Adoremus, Society for the Renewal of the Sacred Liturgy
December 2007 - January 2008
Vol. XIII, No. 9
How We Celebrate New Year’s Eve at the Monastery
by Lucy Carroll
“Monastery” and “New Year’s Eve” are not usually found together in the same sentence. There was a time in my life when I would have laughed loud and long at the thought of experiencing both together, yet as the turn of the calendar approaches, I shall be in the choir loft at our monastery.
In the outside world, in the darkness of midnight, the silence is broken by horns, noisemakers, and cheering. In our little chapel, a single sanctuary bell rings at the stroke of midnight. What better way to bring in a new year than to spend it in the presence of Our Lord?
Of course, at the monastery we are not celebrating a secular holiday but a holy day of obligation. A week after Christmas on the old calendar was the Feast of Christ’s Circumcision. The Holy Family followed prescribed Jewish ritual by having Jesus circumcised in the Temple. Symbolically, the few drops of blood shed would foreshadow the great loss of blood in the passion and crucifixion that Jesus was to suffer.
After the Second Vatican Council the Feast of Christ’s Circumcision was re-named as the solemnity of Mary, the Mother of God. It is altogether appropriate to honor Mary during the Christmas octave. It was her fiat, her willingness to accept the Holy Spirit that made the Nativity of Our Lord possible. In the Eastern churches, Mary the Theotokos or God-bearer is never pictured without Jesus. In the Carmelite tradition, Our Lady of Mount Carmel always has the child Jesus on one arm.
At the Carmelite monastery where I am blessed to serve, adoration of the Most Blessed Sacrament begins at ten o’clock p.m. on December 31 and continues until midnight. The small group of adorers is there on bended knee, giving praise to the Lord of all creation while the world outside engages in happy revels and un-happy excess.
Mass at midnight for the public has been a tradition at this monastery for only a few years. It is the vigil of the feast of Mary, Mother of God, so no additional Mass will be said in the chapel on the morning of January 1.
Because it is the feast of Mary, the music can contain Marian selections as well as seasonal Christmas selections. Because there is a very small congregation and only two or three choir members attend, the chanted Mass parts will be the easier ones: Missa XVIII, Missa Deus Genitor Alme, with a simple chanted English Gloria. Bells, incense, prayer, and song fill the celebration.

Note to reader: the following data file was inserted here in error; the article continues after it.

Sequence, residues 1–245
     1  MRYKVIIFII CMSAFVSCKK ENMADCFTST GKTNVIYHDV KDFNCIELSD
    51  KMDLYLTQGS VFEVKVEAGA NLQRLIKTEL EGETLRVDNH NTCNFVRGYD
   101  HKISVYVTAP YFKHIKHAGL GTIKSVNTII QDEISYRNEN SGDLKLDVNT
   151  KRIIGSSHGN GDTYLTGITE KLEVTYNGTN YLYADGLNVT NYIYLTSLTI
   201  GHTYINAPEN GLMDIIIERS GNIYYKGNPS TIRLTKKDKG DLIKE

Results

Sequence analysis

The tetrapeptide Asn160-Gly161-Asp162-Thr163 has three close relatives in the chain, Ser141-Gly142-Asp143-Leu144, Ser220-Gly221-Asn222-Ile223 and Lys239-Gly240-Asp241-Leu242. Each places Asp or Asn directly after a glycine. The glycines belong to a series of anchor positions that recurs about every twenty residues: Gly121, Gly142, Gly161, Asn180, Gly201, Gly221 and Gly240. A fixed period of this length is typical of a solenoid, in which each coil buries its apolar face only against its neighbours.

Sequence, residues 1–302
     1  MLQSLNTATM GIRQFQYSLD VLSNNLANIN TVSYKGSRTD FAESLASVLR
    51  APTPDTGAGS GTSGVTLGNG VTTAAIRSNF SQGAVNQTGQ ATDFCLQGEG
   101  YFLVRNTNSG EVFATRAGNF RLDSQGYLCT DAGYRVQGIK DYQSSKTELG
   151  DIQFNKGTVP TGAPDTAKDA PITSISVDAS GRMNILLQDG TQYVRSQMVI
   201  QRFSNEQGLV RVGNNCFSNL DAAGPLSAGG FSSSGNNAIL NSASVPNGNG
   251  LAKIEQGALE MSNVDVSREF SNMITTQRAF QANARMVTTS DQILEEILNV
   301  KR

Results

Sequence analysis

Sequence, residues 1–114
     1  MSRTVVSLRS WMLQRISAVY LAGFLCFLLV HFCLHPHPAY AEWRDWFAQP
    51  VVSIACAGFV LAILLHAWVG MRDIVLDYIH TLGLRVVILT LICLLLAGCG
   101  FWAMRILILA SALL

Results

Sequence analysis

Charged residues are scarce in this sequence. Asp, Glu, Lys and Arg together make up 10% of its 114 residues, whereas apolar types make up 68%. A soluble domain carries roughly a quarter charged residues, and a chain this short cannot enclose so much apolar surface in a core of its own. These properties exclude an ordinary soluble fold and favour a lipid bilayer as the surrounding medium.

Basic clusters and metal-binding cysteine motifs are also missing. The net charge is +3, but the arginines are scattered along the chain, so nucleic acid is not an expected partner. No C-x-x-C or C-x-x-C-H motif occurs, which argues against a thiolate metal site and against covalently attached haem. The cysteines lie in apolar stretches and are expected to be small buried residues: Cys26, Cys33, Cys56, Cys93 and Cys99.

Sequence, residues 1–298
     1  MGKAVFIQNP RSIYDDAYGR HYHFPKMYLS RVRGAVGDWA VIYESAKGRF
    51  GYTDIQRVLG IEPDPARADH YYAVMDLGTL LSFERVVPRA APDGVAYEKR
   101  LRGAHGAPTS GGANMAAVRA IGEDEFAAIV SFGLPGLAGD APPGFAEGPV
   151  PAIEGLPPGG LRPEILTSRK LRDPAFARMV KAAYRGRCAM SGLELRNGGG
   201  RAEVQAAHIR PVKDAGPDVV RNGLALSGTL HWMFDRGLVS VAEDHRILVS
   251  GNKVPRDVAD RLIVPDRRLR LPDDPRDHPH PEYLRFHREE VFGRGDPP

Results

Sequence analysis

How wonderful if this could be done in all parishes! What a wonderful tradition it would be for families to attend a Mass together at midnight, even if the youngsters were asleep in the pews.
Instead of champagne we would receive the very Body and Blood of Jesus. Instead of noise and loud dance music, we would chant the sacred words of the liturgy. How much safer would it be to drive the streets after a midnight Mass than after a boisterous party? How much better to face a new year with Our Lord present within us?
How much better for our souls, for our psyches, to ring in midnight of the new year with a sanctuary bell, and save the party for New Year’s Day?
This is perhaps an unrealistic expectation: it is not an idea that will proliferate quickly. But how wonderful would it be if the opportunity could be there for those who truly want or truly need to spend that night on sacred ground?
As for me, late on December 31 I will be in the choir loft at our little pipe organ, thanking the Lord for granting me another year and for bringing me to this monastery, this haven of peace.
Lucy Carroll, organist and choir director at the Carmelite monastery in Philadelphia, teaches at the Westminster Choir College in Princeton. She frequently contributes essays on Catholic music to AB, and is the creator of the “Churchmouse Squeaks” cartoons regularly featured in these pages.
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